Do Not Copy Steve Jobs’ Management Style
Published March 9, 2012
I recently read the biography of Steve Jobs written by Walter Isaacson http://www.amazon.com/Steve-Jobs-Walter-Isaacson/dp/1451648537#reader_B004W2UBYW
I didn’t know much about Jobs and I found the book fascinating. I loved the way Jobs was totally focused on creating the perfect, beautifully designed, product, i.e. iPhone, iPad, iPod. His creative vision was astonishing. His mantra was to put a dent into the universe; and he did. Boy did he change our world and our culture. Jobs was driven and had a laser focus. But what was it like to work with him?
According to the book, he had a habit of telling employees their ideas were shit, then later claiming that their ideas were his. Employee A would explain a new idea or concept to Jobs, and Jobs would proclaim the idea was SHIT. Later they would be in a meeting and Jobs would announce his new idea and it would be the same as mentioned by Employee A. How’s that to take the wind out of your sails? Feeling low, experience this type of behavior and you will sink to a newer low. This behavior is like stealing from the employees. It robs the employee and steals their soul.
Jobs had the unique ability of either destroying an employee or pushing them to achieve beyond their potential. If the employee was strong enough to withstand Jobs’ put downs, the employee could be pushed to achieve feats that were thought to be impossible. The book describes Jobs distortion reality field When employees were in Jobs presence, Jobs could distort reality and have the employees believing that the impossible could not only be done, but could be done in under two weeks. Once the employees were out of Jobs’ presence, reality returned and the employees were faced with inventing difficult software and doing it in an unrealistic time frame. The funny thing was that because of this distortion reality field, items and feats were achieved that might never have been done.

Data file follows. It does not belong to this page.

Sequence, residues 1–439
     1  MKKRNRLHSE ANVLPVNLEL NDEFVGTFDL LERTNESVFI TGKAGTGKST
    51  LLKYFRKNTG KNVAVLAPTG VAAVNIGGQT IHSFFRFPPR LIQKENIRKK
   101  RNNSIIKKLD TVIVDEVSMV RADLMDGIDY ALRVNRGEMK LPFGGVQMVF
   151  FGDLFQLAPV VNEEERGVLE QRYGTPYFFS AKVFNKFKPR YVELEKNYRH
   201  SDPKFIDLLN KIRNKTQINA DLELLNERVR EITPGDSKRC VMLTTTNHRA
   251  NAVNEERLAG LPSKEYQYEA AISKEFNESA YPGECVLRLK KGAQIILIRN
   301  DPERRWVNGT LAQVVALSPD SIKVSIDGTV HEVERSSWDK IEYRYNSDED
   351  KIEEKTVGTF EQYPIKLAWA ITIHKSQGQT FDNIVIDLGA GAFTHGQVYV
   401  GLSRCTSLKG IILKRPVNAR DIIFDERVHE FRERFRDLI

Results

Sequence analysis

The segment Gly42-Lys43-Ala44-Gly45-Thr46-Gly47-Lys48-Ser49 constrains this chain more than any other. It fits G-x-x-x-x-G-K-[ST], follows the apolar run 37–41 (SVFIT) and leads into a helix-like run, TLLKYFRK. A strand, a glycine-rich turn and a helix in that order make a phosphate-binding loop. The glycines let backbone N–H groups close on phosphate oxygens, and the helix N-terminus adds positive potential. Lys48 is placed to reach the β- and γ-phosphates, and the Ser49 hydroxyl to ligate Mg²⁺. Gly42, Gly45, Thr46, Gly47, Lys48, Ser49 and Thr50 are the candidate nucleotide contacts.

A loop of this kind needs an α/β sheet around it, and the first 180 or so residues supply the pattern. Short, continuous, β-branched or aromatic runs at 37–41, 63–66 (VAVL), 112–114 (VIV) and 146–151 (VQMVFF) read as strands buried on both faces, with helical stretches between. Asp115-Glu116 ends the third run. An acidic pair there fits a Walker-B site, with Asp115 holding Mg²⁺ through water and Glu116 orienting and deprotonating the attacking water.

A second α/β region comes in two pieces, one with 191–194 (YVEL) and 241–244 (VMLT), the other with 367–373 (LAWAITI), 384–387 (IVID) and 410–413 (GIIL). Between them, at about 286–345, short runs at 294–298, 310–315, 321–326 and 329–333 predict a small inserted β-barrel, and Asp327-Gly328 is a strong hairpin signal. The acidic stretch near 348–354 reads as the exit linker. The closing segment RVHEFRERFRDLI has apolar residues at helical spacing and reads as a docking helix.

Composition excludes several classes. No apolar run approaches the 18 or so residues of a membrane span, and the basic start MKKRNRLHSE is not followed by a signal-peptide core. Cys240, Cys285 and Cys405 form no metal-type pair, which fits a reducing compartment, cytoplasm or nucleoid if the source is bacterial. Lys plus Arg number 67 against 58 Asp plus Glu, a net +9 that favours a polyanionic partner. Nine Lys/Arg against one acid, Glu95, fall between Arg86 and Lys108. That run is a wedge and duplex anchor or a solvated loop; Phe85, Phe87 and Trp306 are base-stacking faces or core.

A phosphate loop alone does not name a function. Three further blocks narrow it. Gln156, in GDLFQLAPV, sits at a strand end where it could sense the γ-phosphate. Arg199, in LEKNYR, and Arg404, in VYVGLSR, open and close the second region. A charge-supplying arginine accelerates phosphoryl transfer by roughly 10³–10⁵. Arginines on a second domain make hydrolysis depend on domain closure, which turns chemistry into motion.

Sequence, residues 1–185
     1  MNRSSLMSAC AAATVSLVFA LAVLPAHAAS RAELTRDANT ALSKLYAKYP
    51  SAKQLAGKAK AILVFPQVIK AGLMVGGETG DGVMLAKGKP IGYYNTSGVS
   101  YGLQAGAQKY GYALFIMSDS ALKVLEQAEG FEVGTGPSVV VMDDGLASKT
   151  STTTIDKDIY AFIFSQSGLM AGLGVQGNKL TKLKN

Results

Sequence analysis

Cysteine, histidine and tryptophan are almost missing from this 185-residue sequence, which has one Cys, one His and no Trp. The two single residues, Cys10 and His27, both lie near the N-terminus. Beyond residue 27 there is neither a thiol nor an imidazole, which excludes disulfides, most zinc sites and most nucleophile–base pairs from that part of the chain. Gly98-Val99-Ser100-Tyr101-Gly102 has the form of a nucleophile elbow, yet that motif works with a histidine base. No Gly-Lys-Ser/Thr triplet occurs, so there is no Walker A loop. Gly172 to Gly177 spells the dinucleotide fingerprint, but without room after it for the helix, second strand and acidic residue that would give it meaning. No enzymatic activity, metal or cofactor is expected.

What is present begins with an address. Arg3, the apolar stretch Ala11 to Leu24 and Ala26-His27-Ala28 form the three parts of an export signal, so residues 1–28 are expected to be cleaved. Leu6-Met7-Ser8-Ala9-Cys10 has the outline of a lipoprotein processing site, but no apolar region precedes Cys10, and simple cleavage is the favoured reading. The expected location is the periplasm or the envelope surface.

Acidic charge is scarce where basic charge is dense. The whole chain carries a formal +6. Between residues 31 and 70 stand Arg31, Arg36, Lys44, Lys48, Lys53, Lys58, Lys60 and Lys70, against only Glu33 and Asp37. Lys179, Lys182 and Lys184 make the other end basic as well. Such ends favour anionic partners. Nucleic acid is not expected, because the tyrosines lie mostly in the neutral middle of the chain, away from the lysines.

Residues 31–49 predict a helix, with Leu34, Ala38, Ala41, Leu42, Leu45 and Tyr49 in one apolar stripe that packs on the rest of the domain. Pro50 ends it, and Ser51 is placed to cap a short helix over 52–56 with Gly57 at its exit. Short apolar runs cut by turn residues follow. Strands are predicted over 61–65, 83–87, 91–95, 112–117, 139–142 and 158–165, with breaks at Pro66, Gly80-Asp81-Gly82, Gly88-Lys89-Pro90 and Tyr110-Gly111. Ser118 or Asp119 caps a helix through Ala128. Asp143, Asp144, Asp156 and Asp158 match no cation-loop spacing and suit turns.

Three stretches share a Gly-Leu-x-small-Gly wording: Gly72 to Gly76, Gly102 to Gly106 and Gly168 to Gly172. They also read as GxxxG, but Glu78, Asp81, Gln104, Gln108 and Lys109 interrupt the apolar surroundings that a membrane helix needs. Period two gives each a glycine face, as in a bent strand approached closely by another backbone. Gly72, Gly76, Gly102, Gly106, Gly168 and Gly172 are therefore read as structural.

Jobs was difficult because he didn’t read people’s emotions or didn’t care about their emotions. He was driven to make the perfect product and people’s feelings just weren’t that important. Some people just couldn’t work with that behavior and quit. Others tolerated his bad behavior because he was brilliant and they were excited to be part of the process.
This worked for Apple and Jobs but it doesn’t work for the rest of the work world. Taking people’s ideas and claiming them as your own, would make you a hated and despised boss. Telling people their work is SHIT isn’t going to motivate anyone.
You motivate employees by inspiring them, not putting them down or using fear management. To inspire someone you must set the example and do it from a positive space.